When I tell people I fly Air China, the typical response I get is, “why?” Well, if you haven’t had the opportunity to fly on Air China’s new Boeing 777-300 ER then you haven’t met the new Air China. Air China’s new seat configuration makes them a great option for business class travel to Asia.
Navigating Air China’s US website can leave a person a bit frustrated, and if you have to deal with US customer service, well, good luck. But don’t fear, I’ve found some good workarounds. First, use the Air China Canadian website for on-line check-in. For whatever reason, I always get stuck in a loop when I try to check-in on the US website. I also find that you can get promo codes more frequently for the Canadian site. Right now you can use code: BC91R0T0QRMP to get $30 CAD off your ticket when booking online. There are a limited number of discounts available so it’s while supplies last for travel booked by Dec 2013. If you need to call customer service (the only way to change your ticket unless you’re a Phoenix Frequent Flyer member) call the center in Singapore. Call using SKYPE to keep the price of the call low. They are extremely helpful.
There are direct flights on the 777-300 ER from New York to Beijing daily (2 flights, 7 days a week, 6,800 miles each way) , Houston to Beijing ( 1 flight, 4 days a week, 7189 miles each way), LA (2 flights a day, 7 days a week, 6,244 miles each way).
With old seat configurations on the 747 , which I would not recommend, you can fly from San Fran (1 flight a day, 7 days a week, 5,906 miles each way), Vancouver to Beijing (2 flights a day, 7 days a week, 5282 miles each way).
The first class options that are the best are on the 747 Forbidden Pavillion First Class, which is on San Fran to Beijing route. First class on the 777-300 ER is a nice product, but not the best, by far. The seats are private and spacious, but the amenities and food are average. The business class seats are comparable to the United Global First or US Air Envoy seats. You get lie-flat semi-pod type seats that offer a little more privacy than many business class products – especially in the center section (seats D & H in business.)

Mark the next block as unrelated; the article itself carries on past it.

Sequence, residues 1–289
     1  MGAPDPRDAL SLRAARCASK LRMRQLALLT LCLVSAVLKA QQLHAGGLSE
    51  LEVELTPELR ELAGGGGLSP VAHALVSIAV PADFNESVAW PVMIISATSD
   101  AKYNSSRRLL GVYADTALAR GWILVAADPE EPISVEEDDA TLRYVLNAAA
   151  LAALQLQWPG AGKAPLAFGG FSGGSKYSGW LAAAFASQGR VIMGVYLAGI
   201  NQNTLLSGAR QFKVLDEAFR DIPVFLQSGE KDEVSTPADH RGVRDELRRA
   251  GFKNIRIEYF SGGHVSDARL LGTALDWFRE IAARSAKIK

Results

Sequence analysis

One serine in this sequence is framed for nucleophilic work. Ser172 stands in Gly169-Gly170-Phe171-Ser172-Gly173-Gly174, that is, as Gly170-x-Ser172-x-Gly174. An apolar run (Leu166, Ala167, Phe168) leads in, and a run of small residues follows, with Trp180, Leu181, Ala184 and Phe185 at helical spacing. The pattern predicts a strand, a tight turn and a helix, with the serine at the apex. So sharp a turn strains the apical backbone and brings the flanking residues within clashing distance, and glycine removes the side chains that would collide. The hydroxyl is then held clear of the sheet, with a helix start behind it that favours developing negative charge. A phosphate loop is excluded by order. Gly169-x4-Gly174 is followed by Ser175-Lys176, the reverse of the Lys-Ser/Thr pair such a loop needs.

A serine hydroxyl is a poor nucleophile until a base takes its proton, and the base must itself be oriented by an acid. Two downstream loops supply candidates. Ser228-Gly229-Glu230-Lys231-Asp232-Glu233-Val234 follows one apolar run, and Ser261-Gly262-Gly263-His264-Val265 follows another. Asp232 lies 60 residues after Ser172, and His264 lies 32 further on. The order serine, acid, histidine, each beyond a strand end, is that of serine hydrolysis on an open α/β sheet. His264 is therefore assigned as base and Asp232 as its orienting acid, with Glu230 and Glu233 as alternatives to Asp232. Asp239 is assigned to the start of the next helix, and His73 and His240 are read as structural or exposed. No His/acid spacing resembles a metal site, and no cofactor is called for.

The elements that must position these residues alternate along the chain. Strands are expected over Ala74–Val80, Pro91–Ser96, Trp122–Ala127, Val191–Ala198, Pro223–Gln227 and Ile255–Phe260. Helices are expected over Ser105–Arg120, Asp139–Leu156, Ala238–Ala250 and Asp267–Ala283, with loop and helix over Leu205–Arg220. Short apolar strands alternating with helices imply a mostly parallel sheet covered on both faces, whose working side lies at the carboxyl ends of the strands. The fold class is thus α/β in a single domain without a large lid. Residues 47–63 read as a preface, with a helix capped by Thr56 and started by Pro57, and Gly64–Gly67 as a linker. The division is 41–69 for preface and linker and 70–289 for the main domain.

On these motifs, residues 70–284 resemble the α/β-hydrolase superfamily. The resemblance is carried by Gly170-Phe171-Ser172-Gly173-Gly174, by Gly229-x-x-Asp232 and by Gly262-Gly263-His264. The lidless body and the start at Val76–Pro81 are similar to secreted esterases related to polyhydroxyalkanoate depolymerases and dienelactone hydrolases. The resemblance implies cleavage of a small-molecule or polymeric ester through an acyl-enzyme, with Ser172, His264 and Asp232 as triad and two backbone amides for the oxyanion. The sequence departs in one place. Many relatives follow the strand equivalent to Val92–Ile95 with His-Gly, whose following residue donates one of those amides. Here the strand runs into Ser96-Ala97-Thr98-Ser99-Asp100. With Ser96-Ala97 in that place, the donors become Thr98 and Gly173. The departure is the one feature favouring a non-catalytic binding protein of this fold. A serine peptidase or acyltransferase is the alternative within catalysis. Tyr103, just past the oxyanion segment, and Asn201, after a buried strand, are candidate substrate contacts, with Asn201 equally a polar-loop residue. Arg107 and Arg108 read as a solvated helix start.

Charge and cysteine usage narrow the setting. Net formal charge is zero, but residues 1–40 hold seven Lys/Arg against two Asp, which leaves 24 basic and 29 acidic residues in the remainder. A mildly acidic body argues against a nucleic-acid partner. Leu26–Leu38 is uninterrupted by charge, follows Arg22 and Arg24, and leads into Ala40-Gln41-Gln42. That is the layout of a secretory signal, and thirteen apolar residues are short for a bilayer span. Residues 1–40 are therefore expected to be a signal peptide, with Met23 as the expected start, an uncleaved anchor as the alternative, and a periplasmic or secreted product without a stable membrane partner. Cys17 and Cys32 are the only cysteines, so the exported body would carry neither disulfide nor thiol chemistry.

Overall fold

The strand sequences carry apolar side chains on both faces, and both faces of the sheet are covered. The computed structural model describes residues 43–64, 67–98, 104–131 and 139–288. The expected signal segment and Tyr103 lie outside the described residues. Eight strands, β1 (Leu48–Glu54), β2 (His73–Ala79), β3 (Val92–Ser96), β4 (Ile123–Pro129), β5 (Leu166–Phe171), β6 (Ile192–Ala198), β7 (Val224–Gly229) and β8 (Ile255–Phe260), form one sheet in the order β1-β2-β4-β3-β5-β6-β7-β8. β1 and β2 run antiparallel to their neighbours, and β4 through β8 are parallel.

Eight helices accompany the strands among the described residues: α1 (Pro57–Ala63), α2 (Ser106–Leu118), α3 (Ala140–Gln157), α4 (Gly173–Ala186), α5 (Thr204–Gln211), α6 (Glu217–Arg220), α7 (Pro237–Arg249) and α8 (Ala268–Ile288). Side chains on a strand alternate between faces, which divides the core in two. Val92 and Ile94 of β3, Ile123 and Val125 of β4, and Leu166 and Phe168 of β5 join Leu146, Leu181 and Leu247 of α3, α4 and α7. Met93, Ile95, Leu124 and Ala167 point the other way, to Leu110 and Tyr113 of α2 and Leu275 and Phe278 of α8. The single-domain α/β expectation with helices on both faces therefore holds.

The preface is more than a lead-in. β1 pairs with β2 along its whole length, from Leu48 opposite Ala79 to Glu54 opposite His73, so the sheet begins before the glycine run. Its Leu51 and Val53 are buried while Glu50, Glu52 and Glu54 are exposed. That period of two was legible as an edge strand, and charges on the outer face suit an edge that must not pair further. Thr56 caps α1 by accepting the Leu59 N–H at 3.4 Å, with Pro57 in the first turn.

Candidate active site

|Total Seats||First Class||Business Class||Economy Class|
|Equipment||First Class||Business Class||Economy Class|
|Seat type||Mercury (lie-flat seat)||Diamond (lie-flat seat)||Spectrum|
|Entertainment system||AVOD/THALES I5000||AVOD/THALES I5000||AVOD/THALES I5000|
|Power Outlets||Yes, one per seat||Yes, one per seat||Yes, one for two seats|
|Number/Bathroom Dimensions||2 at 53″、56″||3 at 42″||7 at 38″、41.5″|
If you’re flying on Air China departing from the US, Europe or Australia and your final destination is not in China, you can apply for 72-hour visa free transit. If you’re connecting through Beijing or Shanghai, you can spend up to 72 hours in China without applying for a visa (not open to all countries.) One thing to note is that your connection has to arrive and depart from the same city in China. For example you couldn’t do New York to Beijing, Shanghai to Bangkok. But you could do New York to Beijing to Bangkok. This makes China a good option for mileage runs.
There is usually plenty of award availability on Air China using Star Alliance partner miles.
The food on Air China’s business class is average and very hit or miss. I find that departing out of New York you’ll have much better options than departing out of Beijing for example. I’ve always found the service in business class to be nice – certainly not Thai or Singapore type service, but better than anything you’d find on a US carrier and many European carriers. One plus is the tea selection. If you’re a tea drinker, you’ll love the tea menu.
So next time you’re looking for business class to China or other areas in Asia, don’t rule out Air China so quickly! If you need help with award bookings, check out our AwardSeat.com service. We’ve helped many travelers book great awards.